McRoberts takes on world, MPs hit cafes again, and Paquin dazzles media mogul.

The annual New Zealand International Comedy Festival began on Friday night with the comedy gala at the Aotea Centre hosted by American funny man Greg Behrendt, who's most famous for coining the rom-com phrase, "He's just not that into you."

He was, however, very into us. "It was seriously one of the best nights of comedy I've ever seen. Lucky to have been a part of it," Behrendt tweeted.

Others weren't so cultivated in their admiration, or wordy. Jeremy Corbett offered laconic praise to Irish comic Jason Byrne: "You were fkn hilarious, man. Cried."


Kiwi comics Ben Hurley, Rhys Darby, Ewen Gilmour, Dai Henwood, Wilson Dixon, Steve Wrigley and The Boy With Tape on his Face performed routines alongside 14 comedians from around the world, including Britain's Milton Jones, Urzila Carlson from South Africa, Scotland's Janey Godley, Marcel Lucont from France and Stephen K. Amos from the UK, who described our comedy festival as "now well on track for something".

On track for big numbers, we hope.

The gala screens on TV3 tonight and the festival concludes on May 20.


TV3 star Mike McRoberts will front Three60, a Sunday morning current affairs show starting this weekend, following The Nation. It will look at the week's international politics and business stories.

McRoberts, who has penned a book about his time as a foreign correspondent, will interview politicians and newsmakers, bringing a New Zealand slant to international stories. He will be joined by Guyon Espiner.

TV3 news chief Mark Jennings says the show will appeal to those upset at the demise of TVNZ7.

"It will be the place to go if you are interested in a deeper look at international news. We think there is a demand for a high-quality current affairs programme that looks at the big stories happening in the world."

Big demand for international politics on Sunday mornings? There's no denying Three60's timeslot will pitch it up against TVNZ's Q+A.

McRoberts fronts 60 Minutes, which has seen a revival in ratings since Espiner joined the team.

However, TV3 is likely to lose the popular news franchise this year if the deal with American network CBS is not renewed.

CBS shows such as CSI, NCIS and America's Next Top Model continue to rate well in the States, but ratings have flagged here. MediaWorks bosses are reviewing whether it is worth retaining the multimillion-dollar deal. If not, 60 Minutes will be part of the collateral damage.

The money saved is likely to be put towards producing a new local Sunday night current affairs show.

Money will also be spent on acquiring high-rating shows, such as GC (the Maori-Aussie version of Jersey Shore), which starts this week.

And the long-awaited New Zealand X-Factor, which TV3 is in talks with Dominic Bowden to host, is also likely to finally get the go-ahead.


John Banks, who can't remember discussing a $50,000 donation from Kim Dotcom, is partial to a cup of tea in Newmarket with a National chum.

However, he's not expected to be there on Friday having a soothing cuppa with the man who was reluctant to win the seat.

National list MP Paul Goldsmith, who stood in Epsom against Banks, is hosting a policy breakfast at Gee Gee's brasserie near Alexandra Park on Friday for electorate members, who are paying $35 a ticket to hear ACC Minister Judith Collins make a speech.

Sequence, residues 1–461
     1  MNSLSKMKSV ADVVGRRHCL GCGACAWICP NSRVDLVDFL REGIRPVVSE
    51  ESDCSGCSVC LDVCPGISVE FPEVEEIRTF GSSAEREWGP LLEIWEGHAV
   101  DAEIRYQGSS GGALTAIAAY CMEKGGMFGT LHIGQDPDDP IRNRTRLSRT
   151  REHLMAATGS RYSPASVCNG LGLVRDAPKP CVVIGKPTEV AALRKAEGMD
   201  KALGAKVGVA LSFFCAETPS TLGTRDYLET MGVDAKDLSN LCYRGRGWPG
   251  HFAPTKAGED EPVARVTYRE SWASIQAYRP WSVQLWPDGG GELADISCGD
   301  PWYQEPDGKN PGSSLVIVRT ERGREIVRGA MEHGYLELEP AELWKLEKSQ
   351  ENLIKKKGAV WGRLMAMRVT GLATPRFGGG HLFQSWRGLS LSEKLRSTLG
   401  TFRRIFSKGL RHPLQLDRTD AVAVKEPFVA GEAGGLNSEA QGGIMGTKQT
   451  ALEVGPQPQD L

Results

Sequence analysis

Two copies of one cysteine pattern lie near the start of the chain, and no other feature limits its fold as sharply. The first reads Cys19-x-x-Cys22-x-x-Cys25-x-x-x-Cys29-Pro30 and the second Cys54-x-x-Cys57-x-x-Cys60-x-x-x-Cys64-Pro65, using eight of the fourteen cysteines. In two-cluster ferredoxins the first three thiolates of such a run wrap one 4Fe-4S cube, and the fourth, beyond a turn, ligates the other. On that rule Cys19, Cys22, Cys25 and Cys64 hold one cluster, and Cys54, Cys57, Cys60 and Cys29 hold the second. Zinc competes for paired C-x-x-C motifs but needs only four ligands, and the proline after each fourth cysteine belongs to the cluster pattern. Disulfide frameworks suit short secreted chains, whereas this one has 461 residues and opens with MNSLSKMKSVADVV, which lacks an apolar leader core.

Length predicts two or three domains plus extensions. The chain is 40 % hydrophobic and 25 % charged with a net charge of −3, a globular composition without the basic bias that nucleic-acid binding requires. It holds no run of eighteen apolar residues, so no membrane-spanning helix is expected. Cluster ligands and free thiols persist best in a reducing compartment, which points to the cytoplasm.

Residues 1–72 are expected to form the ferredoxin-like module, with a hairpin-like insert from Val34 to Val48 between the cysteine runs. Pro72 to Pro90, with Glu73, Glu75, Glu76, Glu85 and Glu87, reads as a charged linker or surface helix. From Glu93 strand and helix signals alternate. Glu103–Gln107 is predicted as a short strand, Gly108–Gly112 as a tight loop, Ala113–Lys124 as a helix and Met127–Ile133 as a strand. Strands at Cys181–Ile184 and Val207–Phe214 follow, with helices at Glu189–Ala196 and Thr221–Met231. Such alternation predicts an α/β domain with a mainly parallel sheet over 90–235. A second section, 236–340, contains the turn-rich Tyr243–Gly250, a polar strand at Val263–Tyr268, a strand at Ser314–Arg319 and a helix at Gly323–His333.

Michelle Boag, who's noticeably not been wearing her collection of blue sateen jackets lately, is unlikely to be a topic of discussion. Neither will Labour luvvies Trevor Mallard and Andrew Little, who were reportedly advised by Collins' lawyers on Friday that defamation proceedings are being issued against them.

Nor will the tape recording made by Nick Smith frenemy Bronwyn Pullar at the infamous December ACC meeting - and now made public.

It's bound to be a controversy-free zone. As far as cuppas go, paying punters may want a lie-down afterwards. And a snooze.


The Herald's pic yesterday of a pregnant and glowing Anna Paquin at the annual White House Correspondents' Association dinner on Saturday night showed the mum-to-be wearing a plunging Herve Leroux halterneck dress that clung to her baby bump.

Paquin, whose sister Katya is the partner of Green Party co-leader Russel Norman, posed with husband Stephen Moyer, Washington Post publishing heiress Katharine Weymouth and Huffington Post co-founder Arianna Huffington, who sold the online paper to internet conglomerate AOL last year for a whopping US$315 million ($383 million).

Huffington shamelessly posted the pic of her newfound celebrity pals on Twitter like a star-struck fan.

The True Blood stars sat at the Huffington Post table next to Oscar-winning actor Daniel Day Lewis, US Attorney-General Eric Holder, Twilight star Dakota Fanning, White House communications director Dan Pfeiffer, Glee actor Darren Criss and Republican senator Rand Paul.

Less-salubrious names were also quick to accept the Washington invitation, including Kim Kardashian, Elle Macpherson and Lindsay Lohan, who rubbed shoulders with the Obamas, former Secretary of State Colin Powell and the House Majority Leader, Eric Cantor.


PS: She may be taking the US by storm, but Kimbra is not too proud to admit when she's flummoxed by fame. "I was star-struck hanging out with Kylie Minogue at the Arias last year," she told Sydney's Sunday Telegraph. "I was so focused on my performance, I forgot I was nominated. Once that was over, I was pretty relaxed - until Kylie said she was into my album, then I just thought, what a crazy night."